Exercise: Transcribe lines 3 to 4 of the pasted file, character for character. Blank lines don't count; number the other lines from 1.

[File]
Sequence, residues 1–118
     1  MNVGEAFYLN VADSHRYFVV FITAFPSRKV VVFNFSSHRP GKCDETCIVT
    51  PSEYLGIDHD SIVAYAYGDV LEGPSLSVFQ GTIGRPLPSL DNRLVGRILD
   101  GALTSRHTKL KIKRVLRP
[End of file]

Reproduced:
    51  PSEYLGIDHD SIVAYAYGDV LEGPSLSVFQ GTIGRPLPSL DNRLVGRILD
   101  GALTSRHTKL KIKRVLRP